Australian fast bowler Josh Hazlewood is certain his team-mates won’t repeat Jofra Archer’s protocol breach mistake if September’s proposed white ball tour of England goes ahead.
Archer put at risk England’s series against the West Indies and potentially upcoming series against Pakistan and Australia after leaving the bubble for one hour to visit his Hove apartment.
Hazlewood, 29, was named as part of Australia’s provisional 26-man squad for the September series, which still needs to be rubber-stamped by both national bodies and government agencies.
The Tamworth-born quick and his national team-mates haven’t been required to uphold any restrictions beyond government advice in Australia.
He insisted the Australians would fully adhere to the stricter rules if the England series go ahead, noting numerous examples from Australia’s domestic football codes, the National Rugby League (NRL) and Australian Football League (AFL), along with Archer’s.
“I think Jofra is obviously one example,” Hazlewood told reporters in Sydney on Monday morning. “There’s been examples in the NRL and the AFL as well. We’ve got to keep those strict lines in place to get the sport to go ahead.
“We’ll obviously learn form that mistake.”
Hazlewood said Cricket Australia (CA) had been providing regular updates to national squad members, with a view to September’s series which would be Australia’s first since the cancelled One Day Internationals against New Zealand.
“We’ve been having fortnightly updates,” he said. “Now that 26-man squad has been picked, we’ll probably have another chat this week.
“Things change week to week. A few eyes are on how (England’s series against) West Indies is going.
“Everything in that series seems to be going pretty well. We’ll take a lot from that.
“We’ll keep moving forward. CA are keeping us up to date as much as possible.”
Hazlewood referenced Dom Sibley’s biosecurity breach in England’s Second Test against the West Indies, when he applied saliva to the ball.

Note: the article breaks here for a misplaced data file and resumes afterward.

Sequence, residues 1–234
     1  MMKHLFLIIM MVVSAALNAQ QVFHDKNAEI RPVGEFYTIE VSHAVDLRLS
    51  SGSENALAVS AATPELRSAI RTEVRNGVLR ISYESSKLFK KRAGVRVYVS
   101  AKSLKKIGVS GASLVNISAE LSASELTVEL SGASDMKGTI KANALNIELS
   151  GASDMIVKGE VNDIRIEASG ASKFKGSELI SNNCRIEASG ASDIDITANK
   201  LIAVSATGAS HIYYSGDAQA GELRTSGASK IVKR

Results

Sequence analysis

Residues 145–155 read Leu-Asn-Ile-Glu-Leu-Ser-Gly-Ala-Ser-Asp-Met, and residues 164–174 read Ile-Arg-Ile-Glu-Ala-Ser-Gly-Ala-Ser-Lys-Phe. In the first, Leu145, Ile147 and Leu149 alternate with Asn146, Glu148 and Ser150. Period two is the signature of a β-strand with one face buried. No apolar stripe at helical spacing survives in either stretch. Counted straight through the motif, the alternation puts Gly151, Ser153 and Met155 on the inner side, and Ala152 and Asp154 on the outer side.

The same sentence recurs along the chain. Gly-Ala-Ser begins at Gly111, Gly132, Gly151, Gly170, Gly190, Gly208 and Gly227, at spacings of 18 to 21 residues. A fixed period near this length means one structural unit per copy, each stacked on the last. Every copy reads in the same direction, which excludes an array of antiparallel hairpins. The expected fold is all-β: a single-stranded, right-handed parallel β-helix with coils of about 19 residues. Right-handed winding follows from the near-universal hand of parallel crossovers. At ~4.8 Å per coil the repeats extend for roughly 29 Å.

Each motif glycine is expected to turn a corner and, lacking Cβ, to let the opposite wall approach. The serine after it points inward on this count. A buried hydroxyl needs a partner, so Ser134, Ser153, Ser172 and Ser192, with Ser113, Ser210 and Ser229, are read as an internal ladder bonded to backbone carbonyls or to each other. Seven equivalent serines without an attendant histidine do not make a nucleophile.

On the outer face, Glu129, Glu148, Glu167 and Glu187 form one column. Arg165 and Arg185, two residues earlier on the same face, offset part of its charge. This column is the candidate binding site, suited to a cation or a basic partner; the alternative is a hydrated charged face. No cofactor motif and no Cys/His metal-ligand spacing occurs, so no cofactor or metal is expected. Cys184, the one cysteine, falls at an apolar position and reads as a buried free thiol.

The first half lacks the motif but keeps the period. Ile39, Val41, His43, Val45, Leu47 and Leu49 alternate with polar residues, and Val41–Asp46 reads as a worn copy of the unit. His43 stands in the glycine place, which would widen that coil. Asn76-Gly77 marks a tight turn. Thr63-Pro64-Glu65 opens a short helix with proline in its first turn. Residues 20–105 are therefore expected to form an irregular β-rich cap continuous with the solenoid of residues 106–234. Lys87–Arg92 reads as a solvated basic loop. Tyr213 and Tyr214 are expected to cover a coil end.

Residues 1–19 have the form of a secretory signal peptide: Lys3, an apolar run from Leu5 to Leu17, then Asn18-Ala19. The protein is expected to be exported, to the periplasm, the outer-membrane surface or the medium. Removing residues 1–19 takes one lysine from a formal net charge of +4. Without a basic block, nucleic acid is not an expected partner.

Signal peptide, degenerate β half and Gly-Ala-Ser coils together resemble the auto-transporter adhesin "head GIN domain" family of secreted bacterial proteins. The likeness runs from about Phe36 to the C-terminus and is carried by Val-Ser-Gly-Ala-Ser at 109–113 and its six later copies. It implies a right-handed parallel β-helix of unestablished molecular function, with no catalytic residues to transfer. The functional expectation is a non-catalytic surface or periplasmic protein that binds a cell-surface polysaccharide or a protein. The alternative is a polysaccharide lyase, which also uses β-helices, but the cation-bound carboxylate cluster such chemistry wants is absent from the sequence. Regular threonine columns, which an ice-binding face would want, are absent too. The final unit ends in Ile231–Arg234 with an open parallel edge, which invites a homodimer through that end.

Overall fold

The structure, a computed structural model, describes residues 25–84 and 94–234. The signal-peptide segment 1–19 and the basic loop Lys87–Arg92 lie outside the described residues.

The big NSW quick said he and his state were proactively trying to break the habit of applying saliva.
“It’s a pretty natural habit,” he said. “We’ve been doing it since we were five years old, so it’ll take a while to break that habit.
“We’re trying to break it at training. It’s hard but coming along.”
He added it wouldn’t be an issue for the England series which will consist of three T20 Internationals and three One Day Internationals given the use of the white ball.
By Ben Somerford, follow him on Twitter
Just 86 overs have been possible across two days of the second Test against Pakistan in Southampton.
Just over 40 overs were possible on day two, with Pakistan’s first innings on 223 for nine when stumps were called prematurely.
Rizwan emerged from a previously low-key knock to post 53 not out, leading Mohammad Abbas in an unbroken ninth-wicket stand of 39.
Australia fast bowler Mitchell Starc believes an extended off-season and rigorous strength training may help him crack the 100mph mark.
A group of 40 black former players and coaches have told Cricket South Africa the systems that sustain the game in the country are broken.
The first session lasted just an hour.
Australia are set to play England in three ODIs and the same amount of T20s.
On 14 August 1990 Sachin Tendulkar showed his mettle with a match-saving hundred.